Probable basal allosauroid from the early Middle Jurassic Cañadón Asfalto Formation of Argentina highlights phylogenetic uncertainty in tetanuran theropod dinosaurs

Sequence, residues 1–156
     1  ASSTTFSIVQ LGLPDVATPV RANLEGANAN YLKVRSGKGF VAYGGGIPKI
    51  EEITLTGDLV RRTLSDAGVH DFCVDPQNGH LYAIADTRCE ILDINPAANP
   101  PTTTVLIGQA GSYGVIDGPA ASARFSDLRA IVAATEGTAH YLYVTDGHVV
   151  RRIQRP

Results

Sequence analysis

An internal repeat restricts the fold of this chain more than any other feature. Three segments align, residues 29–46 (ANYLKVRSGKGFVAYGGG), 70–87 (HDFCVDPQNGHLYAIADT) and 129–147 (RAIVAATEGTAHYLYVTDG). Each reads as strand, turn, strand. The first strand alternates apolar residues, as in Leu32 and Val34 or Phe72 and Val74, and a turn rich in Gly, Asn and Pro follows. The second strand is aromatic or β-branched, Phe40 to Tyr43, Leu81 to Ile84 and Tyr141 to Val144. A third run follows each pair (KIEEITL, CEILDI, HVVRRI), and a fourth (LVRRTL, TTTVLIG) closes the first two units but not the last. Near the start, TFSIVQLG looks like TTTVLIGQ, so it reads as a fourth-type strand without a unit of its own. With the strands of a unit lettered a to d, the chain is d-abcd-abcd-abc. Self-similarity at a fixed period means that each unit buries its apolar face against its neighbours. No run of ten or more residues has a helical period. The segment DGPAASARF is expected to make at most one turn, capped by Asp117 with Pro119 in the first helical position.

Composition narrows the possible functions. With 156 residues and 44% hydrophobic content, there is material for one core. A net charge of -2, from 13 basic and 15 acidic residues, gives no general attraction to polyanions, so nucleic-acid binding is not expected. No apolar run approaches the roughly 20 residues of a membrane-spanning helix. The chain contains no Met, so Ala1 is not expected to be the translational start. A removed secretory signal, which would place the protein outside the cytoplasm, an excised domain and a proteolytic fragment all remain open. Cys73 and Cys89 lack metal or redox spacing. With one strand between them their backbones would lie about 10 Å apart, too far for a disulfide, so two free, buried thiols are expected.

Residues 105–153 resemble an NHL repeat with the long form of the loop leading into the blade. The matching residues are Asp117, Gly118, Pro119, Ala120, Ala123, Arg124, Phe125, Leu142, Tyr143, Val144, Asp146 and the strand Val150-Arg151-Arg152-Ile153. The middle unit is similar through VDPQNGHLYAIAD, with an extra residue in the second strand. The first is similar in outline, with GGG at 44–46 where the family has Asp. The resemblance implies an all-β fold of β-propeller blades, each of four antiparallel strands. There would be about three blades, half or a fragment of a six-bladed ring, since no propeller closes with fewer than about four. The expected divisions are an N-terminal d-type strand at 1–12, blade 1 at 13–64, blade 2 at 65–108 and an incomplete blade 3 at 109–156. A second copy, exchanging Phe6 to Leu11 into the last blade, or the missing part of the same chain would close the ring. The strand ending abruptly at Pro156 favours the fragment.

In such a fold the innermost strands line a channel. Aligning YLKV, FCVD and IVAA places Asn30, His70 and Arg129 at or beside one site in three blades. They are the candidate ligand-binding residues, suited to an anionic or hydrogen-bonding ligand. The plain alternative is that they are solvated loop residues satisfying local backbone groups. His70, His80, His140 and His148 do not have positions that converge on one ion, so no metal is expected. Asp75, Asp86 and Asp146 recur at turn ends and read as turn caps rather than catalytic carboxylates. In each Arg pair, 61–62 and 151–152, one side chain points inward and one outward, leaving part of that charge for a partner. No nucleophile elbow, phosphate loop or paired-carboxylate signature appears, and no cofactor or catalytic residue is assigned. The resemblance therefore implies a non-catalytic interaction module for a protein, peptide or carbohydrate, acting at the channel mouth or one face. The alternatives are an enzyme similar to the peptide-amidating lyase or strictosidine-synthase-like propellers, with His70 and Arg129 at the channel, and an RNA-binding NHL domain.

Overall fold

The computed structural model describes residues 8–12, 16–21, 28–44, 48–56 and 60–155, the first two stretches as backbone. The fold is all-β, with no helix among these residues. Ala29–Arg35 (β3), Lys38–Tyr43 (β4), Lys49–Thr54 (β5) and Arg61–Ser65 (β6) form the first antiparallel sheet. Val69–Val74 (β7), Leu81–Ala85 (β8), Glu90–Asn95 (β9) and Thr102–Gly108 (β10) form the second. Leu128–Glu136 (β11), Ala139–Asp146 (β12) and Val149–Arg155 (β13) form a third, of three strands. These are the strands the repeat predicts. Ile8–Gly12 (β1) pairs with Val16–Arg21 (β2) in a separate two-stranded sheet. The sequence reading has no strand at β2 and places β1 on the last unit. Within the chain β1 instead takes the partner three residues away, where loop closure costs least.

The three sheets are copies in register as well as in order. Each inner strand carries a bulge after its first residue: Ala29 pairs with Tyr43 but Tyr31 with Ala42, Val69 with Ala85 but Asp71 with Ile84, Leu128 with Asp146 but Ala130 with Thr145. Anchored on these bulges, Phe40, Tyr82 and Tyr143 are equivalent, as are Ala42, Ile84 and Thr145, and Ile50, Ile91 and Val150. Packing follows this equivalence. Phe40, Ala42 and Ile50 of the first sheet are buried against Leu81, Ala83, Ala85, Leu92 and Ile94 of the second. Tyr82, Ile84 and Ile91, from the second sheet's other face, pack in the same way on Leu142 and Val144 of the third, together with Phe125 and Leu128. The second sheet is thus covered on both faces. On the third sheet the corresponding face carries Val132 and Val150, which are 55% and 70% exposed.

Tetanurae, the most successful clade of theropod dinosaurs, including modern birds, split into three major clades early in their evolutionary history: Megalosauroidea, Coelurosauria, and Allosauroidea. The oldest tetanurans occur in the earliest Middle Jurassic, but the early fossil record of the clade is still poor. Here we report one of the oldest known and most complete pre-Late Jurassic tetanuran, the probable allosauroid Asfaltovenator vialidadi gen. et sp. nov., which has an unusual character combination, uniting features currently considered to be apomorphic of different tetanuran lineages. A phylogenetic analysis resulted in a monophyletic Carnosauria (Allosauroidea + Megalosauroidea), and the inclusion of the new taxon significantly changes topology within carnosaurs. The analysis shows concentrated homoplasy in proximal nodes at the base of Tetanurae, and a temporal peak at the Pliensbachian-Toarcian extinction event, recently identified as a potential driver of tetanuran radiation. These results highlight the complex morphological evolution in the early radiation of tetanuran theropods, in which convergences and parallelisms were extremely common. This pattern seems to be a common feature in rapid radiation events of major clades of vertebrates and might explain the common difficulties to unravel phylogenetic relationships of important lineages at the base of major clades.